Nov. 4 (Bloomberg) -- Canadian natural gas rose as a wintry storm spread across the U.S. Great Plains and Rocky Mountains, boosting demand for heating fuels.
Alberta gas gained 1.2 percent as forecasters including AccuWeather Inc. predicted cold weather and accumulating snow from Colorado to southern Saskatchewan. Demand for heat in Denver will average 25 percent above normal through Nov. 11, according to Weather Derivatives of Belton, Missouri.
“It’s that time of year when you find a little weather demand,” said Carl Neill, an energy consultant with Risk Management Inc. in Atlanta. “We’re finally starting to see some demand come in.”
Alberta gas for December rose 4 cents to C$3.4725 per gigajoule ($3.23 per million British thermal units) as of 12:50 p.m. New York time, according to NGX, a Canadian Internet market. Gas traded on the exchange is shipped to users in Canada and the U.S. and priced on TransCanada Corp.’s Alberta system.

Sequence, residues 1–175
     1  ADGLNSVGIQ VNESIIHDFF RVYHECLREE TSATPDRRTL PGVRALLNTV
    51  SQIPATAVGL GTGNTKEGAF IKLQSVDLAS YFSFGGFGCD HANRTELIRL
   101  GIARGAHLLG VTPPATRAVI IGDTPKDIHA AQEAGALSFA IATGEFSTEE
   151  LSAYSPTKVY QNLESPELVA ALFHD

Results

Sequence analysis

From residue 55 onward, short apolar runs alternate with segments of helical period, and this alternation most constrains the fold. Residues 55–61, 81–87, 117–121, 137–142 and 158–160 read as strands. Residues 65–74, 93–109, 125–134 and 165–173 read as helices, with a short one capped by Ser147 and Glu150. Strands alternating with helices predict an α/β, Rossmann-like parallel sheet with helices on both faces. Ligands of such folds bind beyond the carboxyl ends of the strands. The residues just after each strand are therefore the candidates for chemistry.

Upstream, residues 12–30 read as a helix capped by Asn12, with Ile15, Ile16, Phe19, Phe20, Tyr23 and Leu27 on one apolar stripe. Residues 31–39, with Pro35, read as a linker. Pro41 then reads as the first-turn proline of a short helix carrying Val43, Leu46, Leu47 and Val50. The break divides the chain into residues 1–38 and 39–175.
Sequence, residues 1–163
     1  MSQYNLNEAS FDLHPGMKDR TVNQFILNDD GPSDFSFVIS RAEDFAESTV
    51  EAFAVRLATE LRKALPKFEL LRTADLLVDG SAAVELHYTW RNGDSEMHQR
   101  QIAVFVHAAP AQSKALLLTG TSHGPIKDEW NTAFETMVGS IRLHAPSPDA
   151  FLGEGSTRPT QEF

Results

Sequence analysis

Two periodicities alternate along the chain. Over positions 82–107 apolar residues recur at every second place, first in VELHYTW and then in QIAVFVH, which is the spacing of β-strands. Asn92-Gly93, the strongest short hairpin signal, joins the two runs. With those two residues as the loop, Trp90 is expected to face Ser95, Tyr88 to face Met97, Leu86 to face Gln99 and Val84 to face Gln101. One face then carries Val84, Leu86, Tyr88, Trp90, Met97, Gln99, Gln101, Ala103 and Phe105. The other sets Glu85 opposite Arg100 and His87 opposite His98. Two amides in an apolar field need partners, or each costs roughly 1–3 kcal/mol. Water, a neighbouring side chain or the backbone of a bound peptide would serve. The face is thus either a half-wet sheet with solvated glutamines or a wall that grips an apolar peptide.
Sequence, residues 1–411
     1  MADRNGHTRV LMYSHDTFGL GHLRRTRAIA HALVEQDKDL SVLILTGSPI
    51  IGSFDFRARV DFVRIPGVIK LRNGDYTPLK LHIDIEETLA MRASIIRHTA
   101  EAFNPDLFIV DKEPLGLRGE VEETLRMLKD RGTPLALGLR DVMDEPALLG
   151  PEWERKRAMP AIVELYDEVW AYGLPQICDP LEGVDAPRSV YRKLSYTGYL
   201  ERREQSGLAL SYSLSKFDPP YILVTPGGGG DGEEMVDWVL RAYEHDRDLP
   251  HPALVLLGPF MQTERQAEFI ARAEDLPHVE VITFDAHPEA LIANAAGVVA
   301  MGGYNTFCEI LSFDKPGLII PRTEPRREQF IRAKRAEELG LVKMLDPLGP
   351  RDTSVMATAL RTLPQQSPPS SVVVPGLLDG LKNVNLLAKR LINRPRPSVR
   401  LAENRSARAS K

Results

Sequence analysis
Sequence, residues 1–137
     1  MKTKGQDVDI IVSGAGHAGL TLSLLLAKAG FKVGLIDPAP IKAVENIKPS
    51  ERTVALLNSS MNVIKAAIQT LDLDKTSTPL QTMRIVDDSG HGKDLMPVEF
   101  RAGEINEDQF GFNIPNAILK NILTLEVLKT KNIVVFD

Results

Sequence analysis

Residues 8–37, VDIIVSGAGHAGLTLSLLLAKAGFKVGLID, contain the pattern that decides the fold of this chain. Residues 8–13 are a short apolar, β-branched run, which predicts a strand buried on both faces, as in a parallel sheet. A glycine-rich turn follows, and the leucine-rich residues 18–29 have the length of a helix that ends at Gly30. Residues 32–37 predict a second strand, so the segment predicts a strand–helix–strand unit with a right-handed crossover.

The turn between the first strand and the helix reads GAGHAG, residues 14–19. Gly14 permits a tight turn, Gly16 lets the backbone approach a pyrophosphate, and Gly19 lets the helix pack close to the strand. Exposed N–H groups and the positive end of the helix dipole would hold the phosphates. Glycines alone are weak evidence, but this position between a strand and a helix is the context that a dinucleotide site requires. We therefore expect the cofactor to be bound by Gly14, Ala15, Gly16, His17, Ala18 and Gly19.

Gas for December delivery on the New York Mercantile Exchange gained 2.8 cents to $3.806 per million Btu as of 12:53 p.m.
Volume on TransCanada’s Alberta system, which collects the output of most of the nation’s gas wells, was at its target level of 16.4 billion cubic feet.
Gas was flowing at a daily rate of 2.16 billion cubic feet at Empress, Alberta, where the fuel is transferred to TransCanada’s main line.
At McNeil, Saskatchewan, where gas is transferred to the Northern Border Pipeline for shipment to the Chicago area, the daily flow rate was 1.96 billion cubic feet.
Available capacity on TransCanada’s British Columbia system at Kingsgate was 1.04 billion cubic feet. The system was forecast to carry 1.55 billion cubic feet today, about 60 percent of its capacity of 2.58 billion.
The volume on Spectra Energy’s British Columbia system, which gathers the fuel in northeastern British Columbia for delivery to Vancouver and the Pacific Northwest, totaled 2.77 billion cubic feet at 11:35 a.m.
--Editors: Charlotte Porter, Bill Banker
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